Party Rules: Staying Safe This Graduation Season

Legal Risks of Graduation Parties

My Fort Collins-based criminal defense firm gets a lot of new clients during graduation season. College graduation is undoubtedly a time of celebration. It represents growth and progress, the closing of one stage of life and the opening of another. But it also means parties. Lots of parties. 

Any occasion that warrants celebration also warrants safety and smart thinking. There are key things to remember during any party, but because graduation also often means house parties and guests who are underage, there are some key considerations for those who will be celebrating graduations this month and next. Outlined, below, are some common pitfalls and problems with hosting graduation parties, courtesy of Nicol Law, LLC and Lawyers.com.

Don’t Serve Alcoholic Beverages to Minors and/or Inebriated Guests

It’s highly recommended that the host of the graduation party have a strict policy against underage drinking, and the party should be well-chaperoned to enforce this “no drinking by minors” policy. An adult serving alcoholic beverages to a minor is subject to the possibility of criminal prosecution for aiding and abetting the delinquency of a minor. They may also be subject to civil claims for damages for negligence–claims that can be pursued by both the minor and the minor’s parents.

The consequences are serious for the minor, too. Many people don’t realize that a Minor in Possession charge for an underage person can result in the loss of financial aid for your child for a very long time.  Meaning: no federal funding for that desperately expensive higher education. As anyone knows, a criminal record will stay with you for life. A felony record, though, can also impact your voting rights, your ability to own a weapon, or could result in any number of other “collateral consequences.”

Worse yet, there is the possibility of serving someone too much, letting them drive, and having that guest kill someone in a DUI/Vehicular Homicide. Granted, these penalties are MUCH worse if you are a business serving intoxicated person(s) (for a complete discussion of the dram shop laws, see Nolo.com’s article here). But adults can also expose themselves to criminal liability. Did I mention that Contributing to the Delinquency of a Minor is a FELONY?

Know the Social Host Liability Laws in your State

Most states have “social host liability” laws that hold the host of a social function (like graduation parties) liable for damages caused to others after serving alcohol to minors and/or inebriated guests on his/her property.

For example: If there is an open bar at the graduation party and one of the guests becomes drunk and leaves the premises in his/her vehicle and injures someone, that injured person can sue both the driver AND the host of the party for negligence and/or potentially recklessness. As a result, the host may be exposed to substantial monetary damages as well as the possibility of punitive damages if the host served the guest in an inebriated state.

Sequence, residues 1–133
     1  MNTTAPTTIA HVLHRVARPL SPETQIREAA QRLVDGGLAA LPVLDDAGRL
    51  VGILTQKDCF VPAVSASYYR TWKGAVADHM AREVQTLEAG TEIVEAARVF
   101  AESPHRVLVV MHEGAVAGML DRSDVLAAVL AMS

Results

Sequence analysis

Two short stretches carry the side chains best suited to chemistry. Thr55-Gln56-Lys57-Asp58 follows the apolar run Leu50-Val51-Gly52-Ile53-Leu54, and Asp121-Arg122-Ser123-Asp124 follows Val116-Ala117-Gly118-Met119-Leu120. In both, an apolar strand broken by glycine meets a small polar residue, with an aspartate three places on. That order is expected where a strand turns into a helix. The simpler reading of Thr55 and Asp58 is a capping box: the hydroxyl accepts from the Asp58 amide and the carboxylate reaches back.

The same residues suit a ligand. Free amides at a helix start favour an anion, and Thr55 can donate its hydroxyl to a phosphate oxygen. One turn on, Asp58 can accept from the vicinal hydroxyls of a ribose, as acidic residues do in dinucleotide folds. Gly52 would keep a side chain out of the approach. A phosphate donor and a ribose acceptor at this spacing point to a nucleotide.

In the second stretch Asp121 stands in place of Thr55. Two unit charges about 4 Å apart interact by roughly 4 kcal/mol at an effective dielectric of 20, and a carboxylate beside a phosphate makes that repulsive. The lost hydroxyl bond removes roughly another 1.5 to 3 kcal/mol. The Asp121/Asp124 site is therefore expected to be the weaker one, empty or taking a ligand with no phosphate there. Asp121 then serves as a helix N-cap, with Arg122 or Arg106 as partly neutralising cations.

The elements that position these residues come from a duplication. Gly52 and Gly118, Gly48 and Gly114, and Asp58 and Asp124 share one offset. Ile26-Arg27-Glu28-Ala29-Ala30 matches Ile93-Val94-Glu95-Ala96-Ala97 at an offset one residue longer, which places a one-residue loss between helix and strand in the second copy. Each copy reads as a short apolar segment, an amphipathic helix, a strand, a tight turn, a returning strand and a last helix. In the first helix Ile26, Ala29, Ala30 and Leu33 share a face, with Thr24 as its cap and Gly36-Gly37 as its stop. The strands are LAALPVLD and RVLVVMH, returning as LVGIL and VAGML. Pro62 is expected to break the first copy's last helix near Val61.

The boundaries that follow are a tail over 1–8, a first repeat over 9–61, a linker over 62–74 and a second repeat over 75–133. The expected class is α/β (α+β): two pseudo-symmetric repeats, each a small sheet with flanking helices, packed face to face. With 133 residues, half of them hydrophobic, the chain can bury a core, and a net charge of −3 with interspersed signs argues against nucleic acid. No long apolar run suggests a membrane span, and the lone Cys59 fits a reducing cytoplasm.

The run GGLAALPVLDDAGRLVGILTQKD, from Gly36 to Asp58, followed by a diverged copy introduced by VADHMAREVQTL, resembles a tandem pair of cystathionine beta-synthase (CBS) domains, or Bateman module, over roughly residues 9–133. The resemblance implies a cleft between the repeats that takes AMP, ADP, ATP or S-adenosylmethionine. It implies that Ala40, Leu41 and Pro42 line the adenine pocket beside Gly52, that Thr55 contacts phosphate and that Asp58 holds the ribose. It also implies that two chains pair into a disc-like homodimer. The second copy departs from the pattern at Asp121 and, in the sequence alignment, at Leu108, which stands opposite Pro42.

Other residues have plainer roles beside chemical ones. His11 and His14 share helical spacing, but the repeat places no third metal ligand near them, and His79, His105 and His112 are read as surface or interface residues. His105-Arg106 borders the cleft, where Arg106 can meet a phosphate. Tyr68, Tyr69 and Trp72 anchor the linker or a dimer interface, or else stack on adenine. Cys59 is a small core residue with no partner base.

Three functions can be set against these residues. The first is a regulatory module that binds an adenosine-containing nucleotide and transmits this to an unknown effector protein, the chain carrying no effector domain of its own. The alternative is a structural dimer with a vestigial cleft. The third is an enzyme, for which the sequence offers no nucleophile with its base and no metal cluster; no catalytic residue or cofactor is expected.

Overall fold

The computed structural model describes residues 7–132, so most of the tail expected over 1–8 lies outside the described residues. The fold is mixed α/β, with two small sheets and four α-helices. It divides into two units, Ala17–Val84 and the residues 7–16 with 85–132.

When hosting a party, it’s important to keep a close eye on what is going on. Failure to do so can land you in a lot of trouble. Keep in mind, even if the police only charge a somewhat small offense, the District Attorney can add charges up to and including the date of trial.  

If you or your children are charged with any of these offenses, you should speak to an attorney immediately.  

Protect Guests from Hazardous Conditions on your Property

The host of the graduation party may also be liable for injuries that occur during the party as a result of negligent maintenance of the home (e.g. large cracks in the deck, unsafe steps, electrical problems etc.).

For example: If there are exposed wires on the floor and a guest trips on the wires while dancing and injures himself/herself, the host is liable for the injury and may face a potential civil lawsuit because they failed to warn the guest of the danger and/or failed to take reasonable precautions to avoid the injury.

These precautions include conducting a thorough inspection of the graduation party premises to repair any defects or clear any obstacles which may increase the risk of an accident/injury to guests. If something cannot be prepared in time for the party, clearly label the area as a “danger zone” to avoid any claims for negligence.

In addition, a party host should make sure that he/she has adequate homeowners’ insurance to cover any injury sustained by a guest while on his/her property. Make sure to read insurance policies to ensure that the coverage is not only current but also has adequate policy limits to meet any potential claims that may arise if a guest is injured while on the host’s property.

In the event things don’t go as planned, have a good attorney on your side

You may not have known how to host a safe graduation party (until now), but everyone knows what to do when they get into trouble with the law: call a lawyer.

I’ve been serving Northern Colorado for years, handling DUI cases, assault charges, and more. Schedule a free consultation with me through my online scheduler or contact me at justieforjustice@gmail.com.

IMPORTANT DISCLAIMER: This blog post does not create an attorney-client relationship. It’s a blog post and not legal advice. Each case is different, and this post is meant for generalized knowledge, only. If you haven’t signed an engagement letter (or even received an engagement letter) AND issued some form of payment (peanuts do not count), then no attorney-client relationship exists. Nevertheless, we will do our best to ensure your confidentiality should you choose to contact us privately, but do not post about your case in the comments here (because reaching out for help with your case should be confidential, damn it).

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